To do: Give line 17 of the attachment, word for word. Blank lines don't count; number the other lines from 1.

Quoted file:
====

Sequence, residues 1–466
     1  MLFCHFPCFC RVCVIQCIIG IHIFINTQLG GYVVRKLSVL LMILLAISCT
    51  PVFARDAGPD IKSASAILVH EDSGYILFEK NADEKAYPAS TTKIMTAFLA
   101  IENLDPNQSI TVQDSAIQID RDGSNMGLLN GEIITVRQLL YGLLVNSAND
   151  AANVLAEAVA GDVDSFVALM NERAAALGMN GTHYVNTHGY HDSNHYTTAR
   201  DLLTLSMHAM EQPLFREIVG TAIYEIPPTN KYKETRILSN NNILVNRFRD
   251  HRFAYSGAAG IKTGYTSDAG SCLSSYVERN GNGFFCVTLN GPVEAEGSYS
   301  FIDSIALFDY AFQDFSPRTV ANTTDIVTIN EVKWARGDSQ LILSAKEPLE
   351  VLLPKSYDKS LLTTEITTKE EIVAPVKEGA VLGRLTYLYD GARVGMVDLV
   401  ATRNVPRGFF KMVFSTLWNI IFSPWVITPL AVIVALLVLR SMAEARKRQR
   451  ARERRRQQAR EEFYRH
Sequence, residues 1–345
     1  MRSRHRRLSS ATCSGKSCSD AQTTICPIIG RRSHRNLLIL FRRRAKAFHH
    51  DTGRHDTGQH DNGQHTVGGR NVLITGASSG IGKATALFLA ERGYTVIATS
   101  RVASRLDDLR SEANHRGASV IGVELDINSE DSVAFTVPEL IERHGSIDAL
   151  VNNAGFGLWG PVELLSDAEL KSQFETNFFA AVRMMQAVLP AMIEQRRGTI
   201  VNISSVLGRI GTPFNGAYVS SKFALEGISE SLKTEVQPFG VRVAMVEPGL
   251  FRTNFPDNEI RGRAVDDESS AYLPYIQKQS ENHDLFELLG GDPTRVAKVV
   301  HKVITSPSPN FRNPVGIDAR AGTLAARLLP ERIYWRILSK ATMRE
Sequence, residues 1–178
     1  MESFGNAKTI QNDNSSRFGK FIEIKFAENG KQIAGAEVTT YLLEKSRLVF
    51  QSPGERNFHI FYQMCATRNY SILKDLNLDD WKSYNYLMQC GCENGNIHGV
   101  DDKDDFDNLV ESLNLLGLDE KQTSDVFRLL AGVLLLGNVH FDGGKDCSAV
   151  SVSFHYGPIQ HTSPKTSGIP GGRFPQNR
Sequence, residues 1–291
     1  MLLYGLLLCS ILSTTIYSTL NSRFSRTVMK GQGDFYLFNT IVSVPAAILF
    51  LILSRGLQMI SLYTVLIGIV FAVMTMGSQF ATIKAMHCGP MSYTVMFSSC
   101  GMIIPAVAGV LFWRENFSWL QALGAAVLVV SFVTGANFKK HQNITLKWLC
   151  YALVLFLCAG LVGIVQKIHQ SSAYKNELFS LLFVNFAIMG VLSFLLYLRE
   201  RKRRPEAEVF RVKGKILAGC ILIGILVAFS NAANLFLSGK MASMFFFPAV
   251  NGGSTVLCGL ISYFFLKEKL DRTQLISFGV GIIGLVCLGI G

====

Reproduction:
   201  VNISSVLGRI GTPFNGAYVS SKFALEGISE SLKTEVQPFG VRVAMVEPGL